press information

22-Jun-2016 | 701-EN

Pollen on clothing – how to reduce your allergen load

Special finishes and new test set up for pollen adhesion / repellence may offer hay fever sufferers relief when using every day textiles

BOENNIGHEIM (atb, dh) In a joint pilot study, scientists from the William Küster Institute at the Hohenstein Institute and CHT R. Beitlich GmbH in Tübingen have established some important basic principles for pollen management on textile surfaces. With the help of a pollen test bed, it will now be possible accurately to assess the pollen allergy risk posed by textile surfaces, so as to bring relief for allergy sufferers who react to pollen.

Whereas people who are allergic to dust mites are now able to protect themselves from mites with encasings, there has until now been no effective textile protection for people allergic to pollen. In Germany, about one in six of the population suffers from hay fever. For them, the torment begins each year in spring, a time of red eyes, a runny nose and sudden attacks of sneezing: it is the pollen from trees, shrubs, grasses and crops that triggers these symptoms. Pollen adheres readily to clothing or domestic textiles and then finds its way through the respiratory system into the body, where it triggers an allergic reaction in people who are over-sensitive to it. Furthermore, the pollen is either carried in the air or on clothing and ends up inside people's houses, where it can remain for a long time on curtains, sofas, carpets and bedding.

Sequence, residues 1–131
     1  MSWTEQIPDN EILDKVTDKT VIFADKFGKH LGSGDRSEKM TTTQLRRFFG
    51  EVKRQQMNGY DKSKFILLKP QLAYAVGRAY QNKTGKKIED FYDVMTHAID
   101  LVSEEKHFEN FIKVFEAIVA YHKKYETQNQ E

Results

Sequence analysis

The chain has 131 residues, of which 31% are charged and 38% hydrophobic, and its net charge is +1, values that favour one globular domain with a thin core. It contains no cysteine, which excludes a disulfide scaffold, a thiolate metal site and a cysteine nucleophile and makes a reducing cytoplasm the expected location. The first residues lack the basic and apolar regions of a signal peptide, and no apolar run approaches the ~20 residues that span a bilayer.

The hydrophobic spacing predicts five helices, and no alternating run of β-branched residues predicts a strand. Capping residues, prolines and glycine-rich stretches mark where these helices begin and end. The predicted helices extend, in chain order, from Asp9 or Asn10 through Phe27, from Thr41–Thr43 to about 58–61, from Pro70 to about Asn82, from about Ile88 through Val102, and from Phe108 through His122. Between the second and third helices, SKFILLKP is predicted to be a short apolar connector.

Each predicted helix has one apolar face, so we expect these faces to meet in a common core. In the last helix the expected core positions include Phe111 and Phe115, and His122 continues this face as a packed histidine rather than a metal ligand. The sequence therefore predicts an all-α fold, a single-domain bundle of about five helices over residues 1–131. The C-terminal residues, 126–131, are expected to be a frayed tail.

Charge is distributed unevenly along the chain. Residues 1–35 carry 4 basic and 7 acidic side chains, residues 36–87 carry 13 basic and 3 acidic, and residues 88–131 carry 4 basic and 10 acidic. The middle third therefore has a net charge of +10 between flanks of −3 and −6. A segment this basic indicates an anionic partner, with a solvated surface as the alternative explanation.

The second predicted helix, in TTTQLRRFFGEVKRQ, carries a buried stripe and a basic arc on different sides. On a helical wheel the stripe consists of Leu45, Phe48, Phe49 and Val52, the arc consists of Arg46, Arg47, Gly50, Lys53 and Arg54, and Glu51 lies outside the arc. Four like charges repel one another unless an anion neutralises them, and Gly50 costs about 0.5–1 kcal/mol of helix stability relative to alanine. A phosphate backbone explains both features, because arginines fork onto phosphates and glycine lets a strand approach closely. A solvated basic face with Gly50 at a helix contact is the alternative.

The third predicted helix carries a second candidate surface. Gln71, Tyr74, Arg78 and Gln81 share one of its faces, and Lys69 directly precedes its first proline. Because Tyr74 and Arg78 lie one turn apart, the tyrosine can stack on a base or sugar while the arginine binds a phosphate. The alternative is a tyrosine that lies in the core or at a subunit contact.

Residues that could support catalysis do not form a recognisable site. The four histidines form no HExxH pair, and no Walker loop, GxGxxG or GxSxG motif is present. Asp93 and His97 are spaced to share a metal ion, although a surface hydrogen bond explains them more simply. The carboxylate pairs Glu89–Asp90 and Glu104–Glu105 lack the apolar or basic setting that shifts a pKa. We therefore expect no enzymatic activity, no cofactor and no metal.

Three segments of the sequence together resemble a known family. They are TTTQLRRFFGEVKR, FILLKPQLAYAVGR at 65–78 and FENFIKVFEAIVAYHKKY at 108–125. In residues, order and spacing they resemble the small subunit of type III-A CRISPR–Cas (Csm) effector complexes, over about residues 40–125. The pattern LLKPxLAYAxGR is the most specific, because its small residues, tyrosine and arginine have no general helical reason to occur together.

To counteract these permanent sources of exposure, scientists at CHT R. Beitlich GmbH have developed two special anti-pollen textile finishing treatments. The two biofunctional finishes work in opposite ways: depending on which coating material is applied, it either repels the pollen or binds it in. This approach, based on altering the physical characteristics of the surface, is intended to maximise or minimise the adhesion/stickiness of the pollens that land on the textile surface through convection or diffusion. For example, clothing may have pollen-repellent properties, in order to reduce the amount of pollen that is brought into the home after a walk in springtime, while it is better for domestic textiles like sofas, carpets and curtains to have a pollen-binding effect, in order to keep the troublesome allergens as far away as possible from the allergy sufferer. In order to assess the allergy risk of textiles for hay fever sufferers, the Hohenstein scientists have developed a test set up for pollen adhesion / repellence in the laboratory which simulates the flight of pollen and helps them study how it adheres to textiles. This method of testing enables scientists accurately to assess the ability of a textile finish to absorb pollen, retain it or deliberately release it.

The newly developed test set up for pollen adhesion / repellence offers textile manufacturers the chance of developing optimised clothing and domestic textiles in future for people who are allergic to pollen, in order to alleviate the annoying symptoms of hay fever.

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